Myanmar is the land of Pagodas and Temples. Buddhism is the prevalent religion and is combined with the belief in the spirit gods. We saw emerald, rattan, marble and bronze Buddha's, reclining Buddha’s and Buddha’s meditating. There are Buddha’s for every day of the week! Bare feet are required at all Temples and Pagodas - can’t even use socks. “Ouch”, “Hot”, “OMG”, “Yikes” erupted from my mouth. Not the kind of words you would expect at a place of meditation. I was seen walking/hopping very quickly from the shade of one building to another holding my purple umbrella for protection from the sun, (104 degrees). I learned quickly to avoid the dark colored tile on which you could fry an egg, white marble tiles were manageable and the white and blue ceramic titles were actually cool feeling. It reminded me of a trip to Hawaii’s beach where I had to throw a towel forward and jump to the towel and then throw another towel forward to get from point A to point B. Remember Mom, Dad & Marci?
We stopped at a farmer’s home built with mud and bamboo. The farmer’s home had a shrine for the spirit lady of bounty and protection. The seeds for the rice fields are transported in the cart by the cows to the fields. Water is hauled from a creek one hour away. This home has no electricity and the outhouse is at the side of the house. How lucky we are to have the basic and modern conveniences.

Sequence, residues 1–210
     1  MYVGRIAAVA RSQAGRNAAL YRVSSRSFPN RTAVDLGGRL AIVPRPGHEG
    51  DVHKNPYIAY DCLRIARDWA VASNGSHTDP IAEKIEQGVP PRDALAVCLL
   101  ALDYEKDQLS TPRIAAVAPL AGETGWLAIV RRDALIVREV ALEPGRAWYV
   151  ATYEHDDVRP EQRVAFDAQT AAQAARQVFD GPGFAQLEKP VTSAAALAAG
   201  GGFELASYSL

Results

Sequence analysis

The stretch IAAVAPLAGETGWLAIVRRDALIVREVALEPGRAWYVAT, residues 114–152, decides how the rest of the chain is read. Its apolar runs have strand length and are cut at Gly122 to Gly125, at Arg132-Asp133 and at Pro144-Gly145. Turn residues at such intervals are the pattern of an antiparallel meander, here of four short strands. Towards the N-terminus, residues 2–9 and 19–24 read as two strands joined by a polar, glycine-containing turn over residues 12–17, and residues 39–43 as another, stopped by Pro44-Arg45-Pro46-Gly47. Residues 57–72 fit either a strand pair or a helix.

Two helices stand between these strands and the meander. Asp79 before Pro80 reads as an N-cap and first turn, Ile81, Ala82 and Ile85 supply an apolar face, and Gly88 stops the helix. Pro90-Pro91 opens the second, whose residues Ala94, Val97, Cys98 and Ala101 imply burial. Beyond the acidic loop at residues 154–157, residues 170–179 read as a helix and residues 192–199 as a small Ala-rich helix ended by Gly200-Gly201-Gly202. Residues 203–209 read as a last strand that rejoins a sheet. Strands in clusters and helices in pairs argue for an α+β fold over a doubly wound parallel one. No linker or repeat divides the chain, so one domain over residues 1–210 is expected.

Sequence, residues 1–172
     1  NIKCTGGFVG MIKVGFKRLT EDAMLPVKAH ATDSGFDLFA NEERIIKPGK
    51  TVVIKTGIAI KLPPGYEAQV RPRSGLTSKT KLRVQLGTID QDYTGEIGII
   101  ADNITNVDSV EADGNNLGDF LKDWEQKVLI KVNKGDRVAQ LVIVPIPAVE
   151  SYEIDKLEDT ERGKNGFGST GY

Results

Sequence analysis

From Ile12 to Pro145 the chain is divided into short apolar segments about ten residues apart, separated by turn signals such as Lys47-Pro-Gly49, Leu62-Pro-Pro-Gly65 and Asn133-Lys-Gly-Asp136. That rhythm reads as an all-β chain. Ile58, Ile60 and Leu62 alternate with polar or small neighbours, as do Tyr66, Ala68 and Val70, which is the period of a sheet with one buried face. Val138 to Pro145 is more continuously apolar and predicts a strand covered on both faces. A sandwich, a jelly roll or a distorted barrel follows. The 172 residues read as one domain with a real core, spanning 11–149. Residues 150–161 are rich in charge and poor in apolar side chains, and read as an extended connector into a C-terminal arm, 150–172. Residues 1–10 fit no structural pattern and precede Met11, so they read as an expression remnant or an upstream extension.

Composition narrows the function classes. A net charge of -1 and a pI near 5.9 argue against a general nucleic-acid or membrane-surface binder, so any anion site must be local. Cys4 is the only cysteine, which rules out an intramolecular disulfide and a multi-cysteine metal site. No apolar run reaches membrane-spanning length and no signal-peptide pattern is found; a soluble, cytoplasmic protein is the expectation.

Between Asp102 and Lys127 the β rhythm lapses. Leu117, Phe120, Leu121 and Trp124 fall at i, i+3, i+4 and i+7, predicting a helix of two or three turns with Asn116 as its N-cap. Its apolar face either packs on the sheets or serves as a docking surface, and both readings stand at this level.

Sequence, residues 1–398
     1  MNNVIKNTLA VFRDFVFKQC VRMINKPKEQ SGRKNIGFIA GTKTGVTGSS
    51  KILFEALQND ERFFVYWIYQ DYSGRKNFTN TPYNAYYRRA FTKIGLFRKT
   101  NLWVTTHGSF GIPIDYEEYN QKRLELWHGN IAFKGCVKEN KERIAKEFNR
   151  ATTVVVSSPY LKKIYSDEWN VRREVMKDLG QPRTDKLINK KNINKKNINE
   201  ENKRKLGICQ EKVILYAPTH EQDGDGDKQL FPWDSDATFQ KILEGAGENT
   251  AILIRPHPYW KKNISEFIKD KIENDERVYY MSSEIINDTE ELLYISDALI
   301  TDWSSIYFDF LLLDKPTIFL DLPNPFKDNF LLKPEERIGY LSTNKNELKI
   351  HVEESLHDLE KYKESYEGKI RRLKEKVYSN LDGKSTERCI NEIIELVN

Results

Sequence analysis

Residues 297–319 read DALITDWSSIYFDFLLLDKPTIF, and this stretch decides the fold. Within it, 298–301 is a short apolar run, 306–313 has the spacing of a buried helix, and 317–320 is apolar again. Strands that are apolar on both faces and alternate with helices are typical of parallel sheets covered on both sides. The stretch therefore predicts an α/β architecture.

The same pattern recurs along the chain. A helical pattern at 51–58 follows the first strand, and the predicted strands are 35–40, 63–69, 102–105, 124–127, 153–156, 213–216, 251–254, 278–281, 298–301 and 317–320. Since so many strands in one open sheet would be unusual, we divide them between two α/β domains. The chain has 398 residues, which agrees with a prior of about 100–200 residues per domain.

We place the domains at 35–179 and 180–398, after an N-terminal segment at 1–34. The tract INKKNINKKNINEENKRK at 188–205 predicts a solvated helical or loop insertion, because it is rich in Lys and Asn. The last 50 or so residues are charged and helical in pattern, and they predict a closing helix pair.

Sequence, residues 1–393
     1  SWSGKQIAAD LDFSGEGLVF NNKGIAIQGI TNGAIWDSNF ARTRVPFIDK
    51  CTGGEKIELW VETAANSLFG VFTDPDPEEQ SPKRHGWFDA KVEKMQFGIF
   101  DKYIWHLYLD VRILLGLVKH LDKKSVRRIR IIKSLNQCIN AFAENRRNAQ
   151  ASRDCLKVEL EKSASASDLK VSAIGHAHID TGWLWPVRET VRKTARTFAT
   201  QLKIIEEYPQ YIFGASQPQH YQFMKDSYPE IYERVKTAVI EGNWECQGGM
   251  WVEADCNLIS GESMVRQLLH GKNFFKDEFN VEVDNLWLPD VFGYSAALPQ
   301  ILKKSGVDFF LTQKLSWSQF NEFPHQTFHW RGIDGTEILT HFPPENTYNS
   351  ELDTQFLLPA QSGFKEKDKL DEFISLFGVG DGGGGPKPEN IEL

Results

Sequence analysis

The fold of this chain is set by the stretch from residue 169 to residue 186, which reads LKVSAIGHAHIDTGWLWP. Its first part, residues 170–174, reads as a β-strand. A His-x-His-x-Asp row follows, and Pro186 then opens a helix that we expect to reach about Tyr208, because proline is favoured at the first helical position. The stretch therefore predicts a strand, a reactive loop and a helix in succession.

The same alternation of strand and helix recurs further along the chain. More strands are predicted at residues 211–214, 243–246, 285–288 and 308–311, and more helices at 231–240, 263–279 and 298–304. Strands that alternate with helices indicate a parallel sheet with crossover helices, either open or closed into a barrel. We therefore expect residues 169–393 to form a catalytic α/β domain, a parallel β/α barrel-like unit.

We visited a Nunnery funded by the Japanese. The nuns take care of 900 children that are orphans or from families unable to afford the cost of school. They sang for us. I recognized twinkle twinkle little star. Their possessions are kept next to or under their beds. The youngest was 5 years old and can range all the way to high school. The children were so well behaved - a trait typically missing from our schools.
The local’s market contained many more unusual items: betel nut and the leaves for chewing, cinnamon bark, salt rocks, branches which are chewed and have a sweet taste and the list goes on. With our guide’s help we were able to find baby powder, air freshener & moth balls - have to keep everything smelling fresh in this hot muggy weather.
Myanmar pulled at my heart strings in many ways and we only scratched the surface. There are many other cities/places to visit. The people are gentle and caring. They continue to wear the traditional clothing - a long cloth skirt is worn and knotted at the waist. I will always remember saying hello to a little old lady and she gave my arm a happy squeeze along with a warm smile with missing teeth.
4/26/15 Pirate drill today. Keep the drapes closed and lights off when not in the state room at night. If contact is reported, move to the hallways and keep low to the ground. All sound information. A passenger informed us that a pirate situation actually happened to the ship we are cruising on. The ship outran the pirates.